In his speeches at the time, Howard said: ''Iraq has a usable chemical and biological weapons capability which has included recent production of chemical and biological agents; Iraq continues to work on developing nuclear weapons. All key aspects - research and development, production and weaponisation - of Iraq's offensive biological weapons program are active and most elements are larger and more advanced than they were before the Gulf War in 1991.''

None of the government's arguments were supported by the intelligence presented to it by its own agencies. None of these arguments were true.

Howard this week quoted the findings of the parliamentary inquiry, but, as with the original claims about WMD, his quotation is selective to the point of being misleading.

What was the nature of the intelligence on Iraq's weapons of mass destruction provided to the government at the time? The parliamentary inquiry, Intelligence on Iraq's Weapons of Mass Destruction, reported on the intelligence in detail. It gathered information from Australia's two analytical intelligence organisations - the Defence Intelligence Organisation and the Office of National Assessment - from March 2001 until March 2003.

The inquiry found:

1. The scale of threat from Iraq's weapons of mass destruction was less than it had been a decade earlier.

2. Under sanctions that prevailed at the time, Iraq's military capability remained limited and the country's infrastructure was still in decline.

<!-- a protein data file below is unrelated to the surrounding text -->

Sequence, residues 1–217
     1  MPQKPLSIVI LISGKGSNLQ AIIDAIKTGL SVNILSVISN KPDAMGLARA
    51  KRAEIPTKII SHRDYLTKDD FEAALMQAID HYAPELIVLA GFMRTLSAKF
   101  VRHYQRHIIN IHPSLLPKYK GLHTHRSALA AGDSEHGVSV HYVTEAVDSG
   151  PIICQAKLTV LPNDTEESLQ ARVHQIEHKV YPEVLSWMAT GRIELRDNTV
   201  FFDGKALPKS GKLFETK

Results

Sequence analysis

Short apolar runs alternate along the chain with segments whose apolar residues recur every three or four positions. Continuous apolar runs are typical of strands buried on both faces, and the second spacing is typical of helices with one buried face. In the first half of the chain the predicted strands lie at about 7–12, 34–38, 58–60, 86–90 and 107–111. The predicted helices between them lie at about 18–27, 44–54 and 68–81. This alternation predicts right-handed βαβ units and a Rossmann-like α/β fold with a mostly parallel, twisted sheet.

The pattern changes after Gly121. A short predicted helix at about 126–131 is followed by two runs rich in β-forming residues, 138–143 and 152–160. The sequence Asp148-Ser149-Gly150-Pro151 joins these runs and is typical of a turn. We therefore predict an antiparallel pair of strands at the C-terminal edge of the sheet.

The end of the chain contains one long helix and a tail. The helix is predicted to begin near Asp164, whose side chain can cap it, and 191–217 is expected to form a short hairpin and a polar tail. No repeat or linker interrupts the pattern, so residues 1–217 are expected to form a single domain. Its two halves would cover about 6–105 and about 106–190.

3. The nuclear program was unlikely to be far advanced. Iraq was unlikely to have obtained fissile material.

4. Iraq had no ballistic missiles that could reach the US. Most if not all of the few SCUDS that were hidden away were likely to be in poor condition.

5. There was no known chemical weapons production.

6. There was no specific evidence of resumed biological weapons production.

7. There was no known biological weapons testing or evaluation since 1991.

8. There was no known Iraq offensive research since 1991.

9. Iraq did not have nuclear weapons.

10. There was no evidence that chemical weapon warheads for Al Samoud or other ballistic missiles had been developed.

11. No intelligence had accurately pointed to the location of weapans of mass destruction.

There were minor qualifications to this somewhat emphatic picture. It found there was a limited stockpile of chemical weapon agents, possibly stored in dual-use or industrial facilities.

Although there was no evidence that it had done so, Iraq had the capacity to restart its chemical weapons program in weeks and to manufacture in months.

The committee concluded the ''case made by the government was that Iraq possessed WMD in large quantities and posed a grave and unacceptable threat to the region and the world, particularly as there was a danger that Iraq's WMD might be passed to terrorist organisations.

''This is not the picture that emerges from an examination of all the assessments provided to the committee by Australia's two analytical agencies.''